Let us not mistake religion for superstition. To some of religion’s opponents, they are synonymous; I maintain they are not. Superstitious beliefs can function as someone’s religion, and while religions can be based on superstition, but religion is neither necessarily superstitious nor bound to lead to superstition. Religion is to superstition what fine wine is to plonk: both could get you drunk, but the quality is all important.
So with all this bad credit o the record of religion, it is no surprise that some come to Unitarian Universalism wanting to be rid of it. They tend, by the way, to join our lay led congregations, the very presence of ministers being suspect. And when those congregations invite ministers to speak, they are the first to question the very presumption of their calling.
They would prefer we didn’t use the word “church”; prefer to think of Unitarian Universalism as philosophy rather than a religion, and are suspicious of candle lighting and hymn singing. Oh, you might get them to sing a protest song, but don’t call it a hymn. Might be too much like “Onward, Christian Soldier”: patriarchal, theistic, triumphalist, hypocritical.
And given all the damage religion has done in the world, who can blame them? Perhaps Unitarian Universalism should be an alternative to religion, something that will fill the void we’d face if religion didn’t exist: with institutions which aren’t “churchy”; with philosophies which aren’t too spiritual; with a social action policy which rights wrongs without asking people to change their lives. We’d have to be on constant guard against too much “religion” getting into it; nothing is more insufferable than a person who’s “got religion.” Yes, perhaps Unitarian Universalism should be an alternative to religion, something that will fill the void we’d face if religion didn’t exist: something to take up time on Sunday mornings, something to tell the evangelical neighbours if they get too nosy, something to put on the marriage license in the space marked “religion.” But nothing that will get too powerful, too emotional, too restricting.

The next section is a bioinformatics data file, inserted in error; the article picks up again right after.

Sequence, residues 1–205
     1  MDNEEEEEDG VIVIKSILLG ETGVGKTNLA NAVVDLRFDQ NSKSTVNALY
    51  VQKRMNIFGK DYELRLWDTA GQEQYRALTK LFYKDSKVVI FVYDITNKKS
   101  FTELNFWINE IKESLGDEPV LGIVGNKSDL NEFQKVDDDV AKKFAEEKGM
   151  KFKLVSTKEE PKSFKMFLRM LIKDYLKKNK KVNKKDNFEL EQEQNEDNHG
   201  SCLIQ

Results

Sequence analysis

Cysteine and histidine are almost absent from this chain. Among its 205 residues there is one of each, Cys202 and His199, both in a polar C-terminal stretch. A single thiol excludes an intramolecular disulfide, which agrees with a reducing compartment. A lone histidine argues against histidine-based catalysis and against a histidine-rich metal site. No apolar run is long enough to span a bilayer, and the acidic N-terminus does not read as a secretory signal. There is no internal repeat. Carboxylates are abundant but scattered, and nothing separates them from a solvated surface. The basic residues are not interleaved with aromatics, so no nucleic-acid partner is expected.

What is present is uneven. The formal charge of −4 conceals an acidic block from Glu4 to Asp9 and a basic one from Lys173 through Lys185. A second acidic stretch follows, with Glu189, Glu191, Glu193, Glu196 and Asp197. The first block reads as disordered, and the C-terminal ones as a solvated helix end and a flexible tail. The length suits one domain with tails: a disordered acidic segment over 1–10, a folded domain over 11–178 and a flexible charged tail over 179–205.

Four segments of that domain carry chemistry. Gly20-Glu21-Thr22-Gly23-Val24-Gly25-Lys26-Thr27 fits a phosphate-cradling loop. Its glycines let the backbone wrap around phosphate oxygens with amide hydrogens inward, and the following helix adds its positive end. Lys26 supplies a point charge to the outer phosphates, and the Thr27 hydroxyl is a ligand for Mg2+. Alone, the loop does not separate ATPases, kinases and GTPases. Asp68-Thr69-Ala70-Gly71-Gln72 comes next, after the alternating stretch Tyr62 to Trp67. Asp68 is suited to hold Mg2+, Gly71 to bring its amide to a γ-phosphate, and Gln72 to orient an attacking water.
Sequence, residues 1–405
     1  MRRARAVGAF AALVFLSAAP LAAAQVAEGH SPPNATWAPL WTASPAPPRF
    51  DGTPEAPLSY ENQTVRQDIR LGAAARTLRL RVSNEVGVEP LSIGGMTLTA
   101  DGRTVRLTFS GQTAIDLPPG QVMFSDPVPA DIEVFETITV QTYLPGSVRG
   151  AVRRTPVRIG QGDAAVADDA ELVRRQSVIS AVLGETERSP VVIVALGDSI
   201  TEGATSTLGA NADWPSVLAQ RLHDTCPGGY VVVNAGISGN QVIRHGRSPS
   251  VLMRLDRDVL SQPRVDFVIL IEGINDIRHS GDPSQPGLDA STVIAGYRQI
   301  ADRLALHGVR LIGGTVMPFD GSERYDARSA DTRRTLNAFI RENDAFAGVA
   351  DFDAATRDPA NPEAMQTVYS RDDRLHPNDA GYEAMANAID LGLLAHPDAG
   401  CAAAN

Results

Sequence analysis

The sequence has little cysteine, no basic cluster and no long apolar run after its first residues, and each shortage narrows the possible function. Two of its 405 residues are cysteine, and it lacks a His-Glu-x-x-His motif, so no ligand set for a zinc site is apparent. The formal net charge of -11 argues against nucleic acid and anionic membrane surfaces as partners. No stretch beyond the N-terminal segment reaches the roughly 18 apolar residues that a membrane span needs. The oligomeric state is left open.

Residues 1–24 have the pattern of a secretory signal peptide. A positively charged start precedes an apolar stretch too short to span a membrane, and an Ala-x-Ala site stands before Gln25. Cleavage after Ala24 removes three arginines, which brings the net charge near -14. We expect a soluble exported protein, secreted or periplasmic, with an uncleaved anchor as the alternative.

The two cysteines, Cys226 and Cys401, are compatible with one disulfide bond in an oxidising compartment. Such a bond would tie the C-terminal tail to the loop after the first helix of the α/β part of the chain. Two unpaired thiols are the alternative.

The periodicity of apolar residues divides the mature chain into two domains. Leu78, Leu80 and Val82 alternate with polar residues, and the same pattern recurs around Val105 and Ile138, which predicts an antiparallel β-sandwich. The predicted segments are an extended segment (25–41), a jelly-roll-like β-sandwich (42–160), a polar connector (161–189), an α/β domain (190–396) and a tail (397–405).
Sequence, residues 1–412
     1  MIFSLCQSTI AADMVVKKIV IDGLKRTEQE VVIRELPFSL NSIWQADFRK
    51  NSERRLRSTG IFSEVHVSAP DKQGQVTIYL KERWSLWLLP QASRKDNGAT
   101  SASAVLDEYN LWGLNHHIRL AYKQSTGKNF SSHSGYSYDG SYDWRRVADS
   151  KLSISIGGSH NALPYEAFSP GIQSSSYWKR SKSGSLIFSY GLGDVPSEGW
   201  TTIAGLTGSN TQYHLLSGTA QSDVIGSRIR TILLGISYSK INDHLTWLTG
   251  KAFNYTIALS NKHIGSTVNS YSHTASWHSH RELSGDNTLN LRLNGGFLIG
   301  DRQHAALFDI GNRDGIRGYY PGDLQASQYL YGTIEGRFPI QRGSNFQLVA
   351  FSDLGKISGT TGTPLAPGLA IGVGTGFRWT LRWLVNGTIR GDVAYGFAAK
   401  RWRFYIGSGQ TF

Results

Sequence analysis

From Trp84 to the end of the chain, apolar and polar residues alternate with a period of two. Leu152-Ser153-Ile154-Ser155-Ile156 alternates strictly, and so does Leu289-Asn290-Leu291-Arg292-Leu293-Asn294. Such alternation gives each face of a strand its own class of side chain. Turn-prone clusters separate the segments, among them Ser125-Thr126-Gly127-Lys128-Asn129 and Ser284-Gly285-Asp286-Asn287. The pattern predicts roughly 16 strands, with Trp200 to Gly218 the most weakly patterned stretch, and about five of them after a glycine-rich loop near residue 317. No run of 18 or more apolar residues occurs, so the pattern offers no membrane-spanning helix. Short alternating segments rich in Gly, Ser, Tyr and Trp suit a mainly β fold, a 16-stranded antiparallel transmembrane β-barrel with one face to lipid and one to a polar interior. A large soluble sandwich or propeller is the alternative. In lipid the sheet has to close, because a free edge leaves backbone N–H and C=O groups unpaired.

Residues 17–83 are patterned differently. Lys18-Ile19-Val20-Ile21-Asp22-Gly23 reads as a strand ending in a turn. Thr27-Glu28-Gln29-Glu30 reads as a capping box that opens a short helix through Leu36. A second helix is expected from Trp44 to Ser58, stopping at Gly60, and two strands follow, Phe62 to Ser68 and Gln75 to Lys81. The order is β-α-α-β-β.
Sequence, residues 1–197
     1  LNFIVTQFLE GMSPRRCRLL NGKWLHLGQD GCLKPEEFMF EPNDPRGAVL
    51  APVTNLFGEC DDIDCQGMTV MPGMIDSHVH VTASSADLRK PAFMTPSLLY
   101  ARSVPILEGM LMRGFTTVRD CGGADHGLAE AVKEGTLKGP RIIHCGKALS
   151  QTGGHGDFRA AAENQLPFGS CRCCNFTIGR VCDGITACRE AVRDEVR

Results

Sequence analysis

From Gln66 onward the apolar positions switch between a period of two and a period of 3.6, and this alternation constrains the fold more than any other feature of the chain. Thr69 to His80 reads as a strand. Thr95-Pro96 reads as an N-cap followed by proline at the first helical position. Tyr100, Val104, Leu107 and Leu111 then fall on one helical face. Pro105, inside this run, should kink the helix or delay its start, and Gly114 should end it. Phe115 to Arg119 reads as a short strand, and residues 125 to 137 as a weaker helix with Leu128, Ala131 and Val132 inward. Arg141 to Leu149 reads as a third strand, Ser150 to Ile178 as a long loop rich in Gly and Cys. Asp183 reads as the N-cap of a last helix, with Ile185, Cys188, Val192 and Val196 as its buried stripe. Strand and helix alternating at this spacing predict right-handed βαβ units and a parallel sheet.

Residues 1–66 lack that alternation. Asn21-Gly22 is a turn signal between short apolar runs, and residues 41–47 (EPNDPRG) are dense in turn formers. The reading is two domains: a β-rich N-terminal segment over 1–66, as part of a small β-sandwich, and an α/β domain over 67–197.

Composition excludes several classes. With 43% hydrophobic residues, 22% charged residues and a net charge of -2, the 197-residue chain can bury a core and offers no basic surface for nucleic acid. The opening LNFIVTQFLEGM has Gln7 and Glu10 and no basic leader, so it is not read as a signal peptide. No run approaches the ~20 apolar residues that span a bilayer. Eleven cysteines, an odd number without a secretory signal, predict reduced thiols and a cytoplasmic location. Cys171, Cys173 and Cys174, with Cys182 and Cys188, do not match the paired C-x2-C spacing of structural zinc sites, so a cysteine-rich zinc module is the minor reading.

Religion is a powerful force, no doubt about that. Just look at the enemies it makes for itself! Anything which casts that long a shadow stands pretty tall and pretty mean. An ogre like that needs to be kept in its place, which might be pretty far from us.
I entered the Unitarian Universalist ministry because of the power of religion. But I did not enter it to free people from religion, the ogre. I entered it because I believe in the power of religion, and I don’t want to give all that power to the Tartuffes, the Inquisitors, and the makes of holy wars.
Religion casts a powerful shadow when it stands in the way of its own light. We see the power of religion in the shadow, but we can see it also in the light. And we can use the light to find new pathways to peace, new roads to freedom, and truer ways of human being.